At the end of the growing season, grape leaves are changing color. They turn from green to shades of yellow (white varietals) or red (red varietals) – see the Magnesium deficiency symptoms below (Figures 1 & 2). This is the result of the leaf senescence process: Chlorophyll is broken down, and nitrogen and other mobile nutrients are being removed from the leaf to storage tissues in the woody part of the vines. This process starts at the leaf margins and progresses to the basal part of the leaf, with the major vascular bundles being the last parts to experience cell death. The last step is leaf abscission. This degenerative process is controlled by the plant and is desirable. It occurs across the whole vineyard at the same time, though its start, progress, and end vary slightly even within a vineyard due to soil moisture, nutritional status, and microclimate.
If we see leaf discoloration from solid green to other hues and colors at any time other than fall, it is a sign that the leaves are under a severe stress that is not a desirable part of the growth process. In many cases, a severe nutrient deficiency is the cause for the leaf discoloration. Depending on the nutrient in question, this discoloration can have a characteristic shape and color indicative of the deficient nutrient.
Here are some examples:
In addition to the discoloration and its pattern on the leaf, the position on the vine may help narrow down the culprit. Potassium (Figures 3 & 4) and nitrogen (Figure 5) deficiencies tend to show on the older and lower leaves; both nutrients are highly mobile in the vine and can easily relocated from older tissues to strong sinks like growing points or berries. Phosphorus (Figure 6) falls into this category, too.
Iron is poorly mobile in the plant, and the leaf yellowing symptoms of a developing iron deficiency (Figure 7) typically appear on the younger and upper areas of the vine.
Zinc deficiency (Figure 8) often expresses with a light green and somewhat blotchy leaf color, small leaves, and stunted internodes.
If you look at the above illustrations in an unbiased way and have read the text carefully, you realize that the visual diagnosis of nutrient deficiencies is not a very reliable method. The potassium symptoms in Figure 3 are very similar to the magnesium symptoms in Figure 2. Nitrogen and iron deficiency look quite similar, too. The location difference of these symptoms on the vine is often not as clear cut as we would like.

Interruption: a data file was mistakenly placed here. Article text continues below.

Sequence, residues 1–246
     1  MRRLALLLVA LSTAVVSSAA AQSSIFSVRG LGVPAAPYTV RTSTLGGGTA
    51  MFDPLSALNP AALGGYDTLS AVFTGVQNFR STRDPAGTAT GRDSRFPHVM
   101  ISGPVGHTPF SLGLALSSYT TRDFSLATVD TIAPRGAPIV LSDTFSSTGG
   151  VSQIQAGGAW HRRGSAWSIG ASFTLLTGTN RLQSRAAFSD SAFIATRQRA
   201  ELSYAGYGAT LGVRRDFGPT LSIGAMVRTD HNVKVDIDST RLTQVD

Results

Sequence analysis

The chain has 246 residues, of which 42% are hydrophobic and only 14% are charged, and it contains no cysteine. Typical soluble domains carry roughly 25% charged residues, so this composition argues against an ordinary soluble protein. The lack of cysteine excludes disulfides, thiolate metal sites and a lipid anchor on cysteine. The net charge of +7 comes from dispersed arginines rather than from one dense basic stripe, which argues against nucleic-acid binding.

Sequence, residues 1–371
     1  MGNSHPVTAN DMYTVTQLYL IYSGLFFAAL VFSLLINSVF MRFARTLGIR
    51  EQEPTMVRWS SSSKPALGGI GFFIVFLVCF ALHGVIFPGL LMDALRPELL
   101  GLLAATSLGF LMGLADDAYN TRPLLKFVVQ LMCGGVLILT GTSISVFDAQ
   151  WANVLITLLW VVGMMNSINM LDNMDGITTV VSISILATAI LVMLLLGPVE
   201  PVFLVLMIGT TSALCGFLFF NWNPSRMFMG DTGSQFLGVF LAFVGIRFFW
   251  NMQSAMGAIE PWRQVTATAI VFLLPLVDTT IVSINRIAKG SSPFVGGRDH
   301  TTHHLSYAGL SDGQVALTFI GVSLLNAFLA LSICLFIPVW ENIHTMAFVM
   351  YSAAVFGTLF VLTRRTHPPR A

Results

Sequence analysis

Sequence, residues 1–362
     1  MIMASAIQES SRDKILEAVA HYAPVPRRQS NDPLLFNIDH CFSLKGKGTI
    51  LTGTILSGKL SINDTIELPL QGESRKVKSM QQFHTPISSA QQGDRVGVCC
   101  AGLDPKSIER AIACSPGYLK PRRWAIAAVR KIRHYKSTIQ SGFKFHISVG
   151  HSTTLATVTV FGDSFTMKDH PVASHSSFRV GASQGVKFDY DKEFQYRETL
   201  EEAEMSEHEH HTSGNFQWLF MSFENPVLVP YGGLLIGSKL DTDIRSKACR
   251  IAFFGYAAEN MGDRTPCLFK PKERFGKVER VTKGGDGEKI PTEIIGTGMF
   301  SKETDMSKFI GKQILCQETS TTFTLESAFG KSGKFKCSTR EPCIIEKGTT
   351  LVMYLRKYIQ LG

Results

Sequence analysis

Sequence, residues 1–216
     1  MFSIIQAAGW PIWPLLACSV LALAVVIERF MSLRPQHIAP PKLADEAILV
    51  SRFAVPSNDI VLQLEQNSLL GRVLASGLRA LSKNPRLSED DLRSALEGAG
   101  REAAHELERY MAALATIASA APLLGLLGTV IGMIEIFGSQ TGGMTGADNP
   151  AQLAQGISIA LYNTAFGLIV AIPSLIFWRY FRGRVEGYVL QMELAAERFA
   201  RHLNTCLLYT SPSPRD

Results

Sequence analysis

With this in mind, take a look at the following figures.
Figures 9 through 13 are not nutrient deficiencies, but damage symptoms from diseases and insects. Figure 9 is Leafroll disease, Figure 10 is Red blotch, Figures 11 and 12 show hopper damage, and Figure 13 is Pierce’s disease. I am sure that many readers will recognize this, but be honest: Unless you are intimately familiar with the vineyard and the varietal/rootstock combination planted there, it is difficult to make a confident judgement about the cause of these symptom just from looking at them. Visual symptoms give us a clue that something is off; they do not allow us to make a definitive diagnosis of a nutrient problem. The next step should be to look deeper: Are insect pests present? What nutrient program has been applied? What soil type is the vineyard on? Unless we find clear evidence of an insect pest that caused the symptoms, only a tissue analysis can pin down if and what nutrient deficiency is present. The same goes for diseases.
Lastly, in good vineyard fertility management, we never want to see nutrient deficiency symptoms. Losses in yield and quality are significant long before symptoms become visible.
Dr. Sebastian Braum is the Director of Technical Services – Soil, Irrigation, and Plant Nutrients for The Tremont Group.
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